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South African Journal of Science

On-line version ISSN 1996-7489
Print version ISSN 0038-2353

S. Afr. j. sci. vol.109 n.9-10 Pretoria Jan. 2013




An H5N1 influenza DNA vaccine for South Africa



Elizabeth MortimerI; Inga I. HitzerothI; Amelia BuysII; Sandiswa MbewanaI; Edward P. RybickiI, III

IDepartment of Molecular and Cell Biology, University of Cape Town, Cape Town, South Africa
IINational Institute for Communicable Diseases, Johannesburg, South Africa
IIIInstitute of Infectious Disease and Molecular Medicine, Faculty of Health Sciences, University of Cape Town, Cape Town, South Africa





The highly pathogenic avian influenza virus H5N1 is a potent pandemic threat because of its frequent transmission from birds to humans and the increasing possibility of human to human transmission. During the 2009 H1N1 pandemic it was clear that rapid influenza vaccine production is a problem worldwide. Additionally, developing countries like South Africa generally cannot produce their own influenza vaccines because the traditional egg-based vaccine production method currently employed is too lengthy and too difficult to establish. As part of an exercise aimed at exploring the feasibility of producing emergency response influenza vaccines, we investigated an experimental DNA vaccine to the H5N1 influenza virus. We focused on the virion haemagglutinin, because it elicits the primary neutralising immune response following infection. Accordingly, we developed an H5N1 DNA vaccine with full-length and truncated versions of the haemagglutinin gene, to match previously developed protein candidates. Vaccinated mice developed a strong antibody response to the haemagglutinin protein. In addition, the full-length H5 gene elicited high haemagglutination inhibition titres in mice, indicating that it has potential as a candidate pandemic vaccine for South Africa.

Keywords: DNA vaccine; highly pathogenic avian influenza virus; H5N1; haemagglutinin




There have been five influenza pandemics over the last 125 years, with the Spanish flu in 1918 being the most notorious. The most recent ('swine flu') pandemic in 2009 was caused by influenza A H1N1, which originated in Mexico and rapidly spread globally, resulting in over 18 000 deaths.1 During this pandemic it became clear that South Africa does not have the ability to produce influenza vaccines, that we would be reliant on vaccine stocks from developed countries, and that these might be slow in coming.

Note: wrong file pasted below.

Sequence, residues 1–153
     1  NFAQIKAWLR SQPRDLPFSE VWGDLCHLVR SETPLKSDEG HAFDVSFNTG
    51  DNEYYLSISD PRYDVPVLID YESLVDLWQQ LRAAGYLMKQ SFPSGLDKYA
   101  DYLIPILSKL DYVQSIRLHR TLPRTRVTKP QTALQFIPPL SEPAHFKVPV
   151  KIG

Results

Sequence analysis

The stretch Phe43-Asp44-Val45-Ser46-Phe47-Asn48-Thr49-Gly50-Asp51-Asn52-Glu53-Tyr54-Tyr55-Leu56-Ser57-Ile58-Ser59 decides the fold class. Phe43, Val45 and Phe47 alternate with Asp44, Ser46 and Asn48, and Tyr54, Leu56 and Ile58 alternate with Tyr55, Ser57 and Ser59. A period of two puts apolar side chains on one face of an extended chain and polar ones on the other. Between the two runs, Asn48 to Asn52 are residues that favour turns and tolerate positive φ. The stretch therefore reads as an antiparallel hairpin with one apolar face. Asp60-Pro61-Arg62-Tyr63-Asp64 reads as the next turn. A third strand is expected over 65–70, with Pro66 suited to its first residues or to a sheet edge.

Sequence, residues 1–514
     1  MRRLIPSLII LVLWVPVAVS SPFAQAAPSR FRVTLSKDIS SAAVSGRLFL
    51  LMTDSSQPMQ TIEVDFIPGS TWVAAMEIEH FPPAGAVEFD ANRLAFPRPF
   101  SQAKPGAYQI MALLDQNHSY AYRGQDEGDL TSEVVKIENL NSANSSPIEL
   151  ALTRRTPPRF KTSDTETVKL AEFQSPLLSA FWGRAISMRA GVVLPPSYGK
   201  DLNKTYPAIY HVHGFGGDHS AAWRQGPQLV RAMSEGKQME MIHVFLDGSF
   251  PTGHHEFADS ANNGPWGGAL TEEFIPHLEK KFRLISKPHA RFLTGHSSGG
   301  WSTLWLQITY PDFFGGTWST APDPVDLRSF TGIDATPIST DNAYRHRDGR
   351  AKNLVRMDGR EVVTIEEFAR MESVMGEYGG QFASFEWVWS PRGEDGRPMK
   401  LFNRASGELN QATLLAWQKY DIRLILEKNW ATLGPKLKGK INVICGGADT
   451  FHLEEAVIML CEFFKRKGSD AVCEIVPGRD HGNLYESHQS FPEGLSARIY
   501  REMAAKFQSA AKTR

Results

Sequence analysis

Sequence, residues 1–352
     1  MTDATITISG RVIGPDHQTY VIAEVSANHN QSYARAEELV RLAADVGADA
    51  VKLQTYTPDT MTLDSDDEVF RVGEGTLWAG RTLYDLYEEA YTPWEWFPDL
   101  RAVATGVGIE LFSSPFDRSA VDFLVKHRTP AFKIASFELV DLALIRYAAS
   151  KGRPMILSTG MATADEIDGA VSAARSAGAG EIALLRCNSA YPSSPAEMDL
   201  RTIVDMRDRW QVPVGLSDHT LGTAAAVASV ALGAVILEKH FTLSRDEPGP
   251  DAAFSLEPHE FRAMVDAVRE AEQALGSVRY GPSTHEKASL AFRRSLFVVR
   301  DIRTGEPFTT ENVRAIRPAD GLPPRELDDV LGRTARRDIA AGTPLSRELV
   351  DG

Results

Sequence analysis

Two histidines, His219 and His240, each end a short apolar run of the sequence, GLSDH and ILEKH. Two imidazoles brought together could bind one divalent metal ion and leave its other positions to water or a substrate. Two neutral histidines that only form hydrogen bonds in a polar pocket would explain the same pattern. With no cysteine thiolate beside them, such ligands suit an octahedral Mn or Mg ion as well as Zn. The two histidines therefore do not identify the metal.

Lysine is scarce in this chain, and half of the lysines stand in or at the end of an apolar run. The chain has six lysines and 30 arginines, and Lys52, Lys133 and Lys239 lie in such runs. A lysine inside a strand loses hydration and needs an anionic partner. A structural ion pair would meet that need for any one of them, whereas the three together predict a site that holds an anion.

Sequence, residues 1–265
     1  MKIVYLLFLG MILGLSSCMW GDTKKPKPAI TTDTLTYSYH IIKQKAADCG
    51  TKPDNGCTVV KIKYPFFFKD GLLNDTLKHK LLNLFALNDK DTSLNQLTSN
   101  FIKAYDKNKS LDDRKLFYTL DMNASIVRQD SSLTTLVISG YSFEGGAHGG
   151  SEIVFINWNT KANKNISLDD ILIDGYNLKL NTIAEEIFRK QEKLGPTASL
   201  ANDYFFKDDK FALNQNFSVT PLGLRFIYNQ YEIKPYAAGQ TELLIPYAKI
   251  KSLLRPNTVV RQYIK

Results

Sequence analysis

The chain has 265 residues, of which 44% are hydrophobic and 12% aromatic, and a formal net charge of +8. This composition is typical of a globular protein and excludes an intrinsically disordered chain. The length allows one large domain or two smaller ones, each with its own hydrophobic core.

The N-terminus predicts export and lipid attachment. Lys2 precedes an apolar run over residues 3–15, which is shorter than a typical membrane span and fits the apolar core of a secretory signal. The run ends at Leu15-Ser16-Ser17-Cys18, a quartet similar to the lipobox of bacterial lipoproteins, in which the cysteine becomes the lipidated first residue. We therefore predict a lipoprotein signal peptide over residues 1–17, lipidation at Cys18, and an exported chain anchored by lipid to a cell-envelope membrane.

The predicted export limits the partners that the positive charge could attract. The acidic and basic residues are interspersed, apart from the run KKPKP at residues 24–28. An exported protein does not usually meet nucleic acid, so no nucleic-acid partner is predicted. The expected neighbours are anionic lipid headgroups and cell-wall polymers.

The highly pathogenic avian influenza virus (HPAIV) subtype H5N1 has significant potential for causing a future pandemic, as a result of its frequent transmission from birds to mammals and continued persistence in several countries.2 There have been over 250 cases reported in humans, with deaths occurring in 60% of infected individuals. There is also the possibility of mutation and/or re-assortment of the virus to create a strain capable of enabling efficient human to human transmission; therefore, it is necessary to ensure that countries are equipped to handle a pandemic via an efficient vaccination approach.3

Current influenza vaccine production involves the use of mainly chicken egg produced trivalent inactivated vaccine. This system can take 4-6 months to produce a vaccine, and is demonstrably not capable of coping with the demand for vaccines in the event of a pandemic. Additionally, H5N1 is highly pathogenic to chickens, which has a negative effect on egg production levels.4 DNA vaccines, in contrast, can be produced in as short a time as 3 weeks.5,6 These vaccines have several advantages over the use of conventional inactivated vaccines as they can rapidly elicit both humoral and cell-mediated immune responses, and are non-infectious. DNA vaccines are heat stable and can initiate cell-mediated immune responses without the need for adjuvants.7 They are easy to construct, allowing for rapid large-scale production to meet demand in case of a pandemic.8 The potential of H5N1 DNA vaccines to protect against lethal viral challenges has also been demonstrated in animal models.9